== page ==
Well, there is externalist philosophy that can be used here too.

For example, I remember one externalist argument which basically states that we wouldn't be occupying the perceptual state we occupy right now if everything were an illusion.

Explanations were also given for cases of hallucinating a certain perception or dreaming, showing that the argument does in fact show that at least there is actually a metaphysical limit to what we can doubt, and that certain things really are certain.

A parallel argument can be made about cognitive states, which includes memory, and the possibility of false memories can also be used to strengthen it, wherein we would not occupy the cognitive state we do in fact occupy right now if all our previous memories were an illusion.

Now even if externalist arguments were no good, I am pretty sure that we could use any other legitimate argument against external world skepticism against skepticism of memory and the past as well.


>>>I think the kind of certainty it can give is qualified - 'certain, given several grounding intellectual assumptions which are self-evidently reasonable'. <<<

Well if that's the case, doesn't that render Christianity so reasonable that it takes something akin to radical skepticism to doubt it?

Basically, Christianity is on the same level as everyday induction then.

>>>Utter certainty is another matter, and arguably - I think Thomists would agree with this - is the wrong standard to use.<<<

But what exactly do you mean by "utter certainty"? Do you mean the certainty like 2 + 2 equaling 4?

Or the certainty of the classical deduction that Socrates is mortal because he is a man, and all men are mortal?

Or do you mean absolute certainty that isn't vulnearable to radical Cartesian skepticism, the unique certainty that you exist, but it being the type of certainty you cannot have of anything else?


Crude said...

Re: these arguments you mention about the external world - I've not seen any arguments against external world skepticism which eliminated the possibility of skepticism. I've seen arguments that suggested it was, given various assumptions, impractical to take as true. But I think a determined skeptic can be skeptical of quite a lot, including the external world and the past. Arguments which assume a limit to that skepticism among normal people are useful, but address a different concern.

Well if that's the case, doesn't that render Christianity so reasonable that it takes something akin to radical skepticism to doubt it?

I'm not presenting "reasonable to believe" as akin to "utterly unreasonable to doubt". I think it can be reasonable to believe multiple and mutually exclusive things - just, "not at once".

And I'm talking more Cartesian certainty, yeah, so that last one.

believingperpetuum said...

>>>Re: these arguments you mention about the external world - I've not seen any arguments against external world skepticism which eliminated the possibility of skepticism. I've seen arguments that suggested it was, given various assumptions, impractical to take as true. <<<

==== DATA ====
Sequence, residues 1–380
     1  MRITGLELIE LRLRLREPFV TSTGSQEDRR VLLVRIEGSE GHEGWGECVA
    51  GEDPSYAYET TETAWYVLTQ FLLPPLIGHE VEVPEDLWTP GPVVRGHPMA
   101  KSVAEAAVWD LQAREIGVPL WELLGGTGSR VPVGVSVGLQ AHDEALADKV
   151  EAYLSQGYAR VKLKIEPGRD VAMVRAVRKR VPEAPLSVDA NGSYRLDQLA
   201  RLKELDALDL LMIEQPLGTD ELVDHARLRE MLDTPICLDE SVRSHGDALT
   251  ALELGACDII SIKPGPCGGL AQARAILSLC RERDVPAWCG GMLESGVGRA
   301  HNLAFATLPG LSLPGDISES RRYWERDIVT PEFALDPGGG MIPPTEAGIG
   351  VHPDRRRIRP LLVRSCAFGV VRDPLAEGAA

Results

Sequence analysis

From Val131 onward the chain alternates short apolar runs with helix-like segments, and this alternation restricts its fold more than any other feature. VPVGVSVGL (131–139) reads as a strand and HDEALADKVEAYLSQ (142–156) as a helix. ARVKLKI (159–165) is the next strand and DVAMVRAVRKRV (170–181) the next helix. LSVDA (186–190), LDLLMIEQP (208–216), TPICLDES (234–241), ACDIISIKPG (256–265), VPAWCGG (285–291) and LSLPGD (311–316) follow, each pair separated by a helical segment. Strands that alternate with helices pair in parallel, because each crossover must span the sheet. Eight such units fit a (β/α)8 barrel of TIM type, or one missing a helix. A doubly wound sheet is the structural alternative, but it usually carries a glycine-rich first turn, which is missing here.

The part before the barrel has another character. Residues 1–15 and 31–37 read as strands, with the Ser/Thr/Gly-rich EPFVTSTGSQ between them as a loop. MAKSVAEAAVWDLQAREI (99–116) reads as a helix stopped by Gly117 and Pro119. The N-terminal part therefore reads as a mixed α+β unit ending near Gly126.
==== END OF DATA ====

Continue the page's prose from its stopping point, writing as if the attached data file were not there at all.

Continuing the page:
Well, the arguments against radical skepticism I encountered essentially disarm the very foundation for the skepticism by either proving radical doubt is unjustified, is per se unjustifiable even in principle, or that the skeptic cannot gain any mileage even if we admit our knowledge has the central flaws the skeptic wants us to admit it has, due to the arguments and metaphysics of epistemic externalism.

>>> But I think a determined skeptic can be skeptical of quite a lot, including the external world and the past. <<<

Well, another argument against radical skepticism is that a consistent radical skeptic cannot even be certain he is using language correctly. For he could always be talking nonsense rather than sense, and that means he is basically devolving into self-refuting incoherence if he were to take his skepticism to the obvious conclusion.

Even the very meaning of the word "doubt" would then collapse, as one can only be certain of language actually having meaning if one is part of a society of intelligent agents who bring the meaning into language use.

And the only way that could be true is if an external world actually exists.


>>>I'm not presenting "reasonable to believe" as akin to "utterly unreasonable to doubt". I think it can be reasonable to believe multiple and mutually exclusive things - just, "not at once".<<<

Well, so you're saying that Christianity is a very reasonable belief then?

Okay, although I'm sure many would press on and ask exactly how reasonable Christianity actually is.

Is it as reasonable as the belief that there actually are extraterrestrial beings out there?

The belief in aliens is a perfectly reasonable belief, and it has a lot of evidence behind it too.

It doesn't have any proof to convince the majority people, as it can be and actually is reasonably rejected.

And it is reasonable as the probability of their existence is pretty high when considered. But it is certainly not a settled matter and the possibility that at least intelligent alien life does not exist is also a high probability belief.